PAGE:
Books by Pat Smith

Released: Nov. 3, 1997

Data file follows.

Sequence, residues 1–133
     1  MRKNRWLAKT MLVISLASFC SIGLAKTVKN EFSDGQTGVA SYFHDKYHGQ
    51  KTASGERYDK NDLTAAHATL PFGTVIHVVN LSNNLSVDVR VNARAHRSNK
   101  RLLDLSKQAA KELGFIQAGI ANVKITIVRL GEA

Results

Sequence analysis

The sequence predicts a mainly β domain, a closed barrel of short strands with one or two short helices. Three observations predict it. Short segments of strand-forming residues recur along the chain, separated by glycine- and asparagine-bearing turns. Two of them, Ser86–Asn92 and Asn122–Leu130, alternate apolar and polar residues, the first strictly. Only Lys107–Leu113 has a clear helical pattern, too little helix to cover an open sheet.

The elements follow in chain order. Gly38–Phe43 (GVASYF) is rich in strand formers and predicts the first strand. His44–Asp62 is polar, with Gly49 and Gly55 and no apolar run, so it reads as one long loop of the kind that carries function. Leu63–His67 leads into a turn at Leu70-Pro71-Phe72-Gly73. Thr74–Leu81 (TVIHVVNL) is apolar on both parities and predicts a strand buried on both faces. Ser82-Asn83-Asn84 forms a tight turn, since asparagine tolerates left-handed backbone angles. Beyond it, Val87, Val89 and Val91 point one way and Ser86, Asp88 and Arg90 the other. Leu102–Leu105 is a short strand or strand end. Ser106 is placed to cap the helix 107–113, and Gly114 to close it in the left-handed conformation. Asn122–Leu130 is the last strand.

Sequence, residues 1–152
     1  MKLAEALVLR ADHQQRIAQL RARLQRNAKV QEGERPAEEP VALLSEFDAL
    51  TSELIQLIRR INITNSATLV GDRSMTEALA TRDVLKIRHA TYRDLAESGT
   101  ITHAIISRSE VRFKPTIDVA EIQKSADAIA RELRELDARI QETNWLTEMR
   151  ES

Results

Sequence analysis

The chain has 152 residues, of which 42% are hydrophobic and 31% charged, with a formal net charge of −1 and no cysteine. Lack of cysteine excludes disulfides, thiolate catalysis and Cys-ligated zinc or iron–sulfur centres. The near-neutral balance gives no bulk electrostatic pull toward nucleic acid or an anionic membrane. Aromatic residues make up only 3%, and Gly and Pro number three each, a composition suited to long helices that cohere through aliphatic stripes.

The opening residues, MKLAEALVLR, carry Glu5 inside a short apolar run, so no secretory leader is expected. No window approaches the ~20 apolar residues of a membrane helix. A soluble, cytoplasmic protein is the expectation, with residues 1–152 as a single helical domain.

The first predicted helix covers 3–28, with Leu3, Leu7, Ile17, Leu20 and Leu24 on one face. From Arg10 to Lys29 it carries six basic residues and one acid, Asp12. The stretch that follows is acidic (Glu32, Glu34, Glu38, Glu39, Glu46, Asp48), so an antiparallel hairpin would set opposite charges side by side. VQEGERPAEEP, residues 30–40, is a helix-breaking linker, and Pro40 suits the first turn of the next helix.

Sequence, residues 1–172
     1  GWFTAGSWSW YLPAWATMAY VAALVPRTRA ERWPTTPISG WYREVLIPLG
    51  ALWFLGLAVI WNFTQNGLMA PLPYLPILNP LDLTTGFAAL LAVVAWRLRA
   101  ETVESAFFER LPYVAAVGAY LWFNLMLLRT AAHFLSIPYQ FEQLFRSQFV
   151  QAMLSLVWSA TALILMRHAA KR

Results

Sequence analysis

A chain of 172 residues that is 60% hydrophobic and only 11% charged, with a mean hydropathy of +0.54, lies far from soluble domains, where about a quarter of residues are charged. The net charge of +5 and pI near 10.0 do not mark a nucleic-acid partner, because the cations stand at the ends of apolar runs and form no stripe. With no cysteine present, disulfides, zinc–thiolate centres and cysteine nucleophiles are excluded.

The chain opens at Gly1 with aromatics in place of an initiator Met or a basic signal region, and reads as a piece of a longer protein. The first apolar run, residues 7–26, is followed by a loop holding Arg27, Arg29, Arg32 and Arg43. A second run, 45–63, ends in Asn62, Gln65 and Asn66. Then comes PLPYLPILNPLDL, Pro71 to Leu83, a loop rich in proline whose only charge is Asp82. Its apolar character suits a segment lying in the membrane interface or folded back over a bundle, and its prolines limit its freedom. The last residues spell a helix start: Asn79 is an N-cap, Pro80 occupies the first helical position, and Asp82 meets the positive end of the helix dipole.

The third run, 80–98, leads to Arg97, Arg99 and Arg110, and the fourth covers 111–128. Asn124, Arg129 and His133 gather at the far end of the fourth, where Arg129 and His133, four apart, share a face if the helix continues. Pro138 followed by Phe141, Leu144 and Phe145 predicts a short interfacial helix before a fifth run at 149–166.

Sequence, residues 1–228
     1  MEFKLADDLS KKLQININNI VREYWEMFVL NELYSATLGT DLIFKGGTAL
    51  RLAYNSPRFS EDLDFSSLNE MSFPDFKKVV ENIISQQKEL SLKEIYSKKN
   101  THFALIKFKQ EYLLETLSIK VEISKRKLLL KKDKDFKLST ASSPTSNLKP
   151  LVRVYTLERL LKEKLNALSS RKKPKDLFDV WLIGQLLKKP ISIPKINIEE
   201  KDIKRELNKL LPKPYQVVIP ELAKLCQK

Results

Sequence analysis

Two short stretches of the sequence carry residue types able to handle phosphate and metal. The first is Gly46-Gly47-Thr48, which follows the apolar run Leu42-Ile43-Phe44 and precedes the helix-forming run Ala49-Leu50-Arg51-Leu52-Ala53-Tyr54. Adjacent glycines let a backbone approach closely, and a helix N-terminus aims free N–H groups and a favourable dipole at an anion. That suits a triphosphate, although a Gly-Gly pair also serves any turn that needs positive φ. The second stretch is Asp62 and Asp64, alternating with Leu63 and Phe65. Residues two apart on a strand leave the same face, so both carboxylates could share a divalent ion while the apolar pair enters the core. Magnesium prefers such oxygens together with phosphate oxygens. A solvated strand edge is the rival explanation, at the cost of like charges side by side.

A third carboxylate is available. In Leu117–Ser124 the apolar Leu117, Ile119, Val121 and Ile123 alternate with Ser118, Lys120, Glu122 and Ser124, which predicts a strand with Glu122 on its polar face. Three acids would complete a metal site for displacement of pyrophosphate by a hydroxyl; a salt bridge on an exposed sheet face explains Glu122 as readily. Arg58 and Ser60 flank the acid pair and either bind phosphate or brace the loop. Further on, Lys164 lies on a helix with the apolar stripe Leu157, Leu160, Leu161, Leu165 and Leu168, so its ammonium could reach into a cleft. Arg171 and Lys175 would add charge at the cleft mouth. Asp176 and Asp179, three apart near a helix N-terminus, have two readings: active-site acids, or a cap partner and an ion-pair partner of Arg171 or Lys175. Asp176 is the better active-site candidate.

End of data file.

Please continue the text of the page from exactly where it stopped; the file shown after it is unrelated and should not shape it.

Personal and often heartfelt reflections from Butkus on his love-hate relationship with the game of football. During the nine seasons (196573) he played middle linebacker for his hometown Chicago Bears, Butkus was one of the most feared, hated, and respected players in the NFL. He was one of the rare players whose very presence on the field changed forever the nature of his position. And in this frank and understated memoir, Butkus reveals how he came to play this way. By his own account, he was able to bottle up anger from Monday through Saturday and release it on the gridiron come Sunday. Naturally, this anger occasionally needed to be vented in other ways, all of which Butkus makes sound both logical and interesting: He liked to engage occasionally in boozy hi-jinks with friends and colleagues; he goaded the many sportswriters he mistrusted, especially Sports Illustrated's Dan Jenkins, who, he says, ``blindsided'' him in an article that labeled him ``A Special Kind of Brute with a Love of Violence''; he often bickered during salary negotiations with the Bears' autocratic owner and coach-for-life, George Halas. Despite pain and indignities suffered on and off the field, Butkus's enthusiasm for the game seldom waned. He notes the lasting impact of other players and coaches, among them his Bears teammate, Hall of Fame tailback Gayle Sayers; Colts quarterback Johnny Unitas (``the best quarterback of my time—maybe of all time''); and his one-time Bears defensive coach, George Allen. Butkus's obvious love of the game infuses with drama the chapters describing his decline as a player. Thankfully, he does not belabor us with too much detail about his post-football life and acting career, topics that he seems tacitly to acknowledge are more interesting to him than to his readers. A perceptive and occasionally humorous view from the trenches of a great era in pro football. (20 b&w photos, not seen) Read full book review >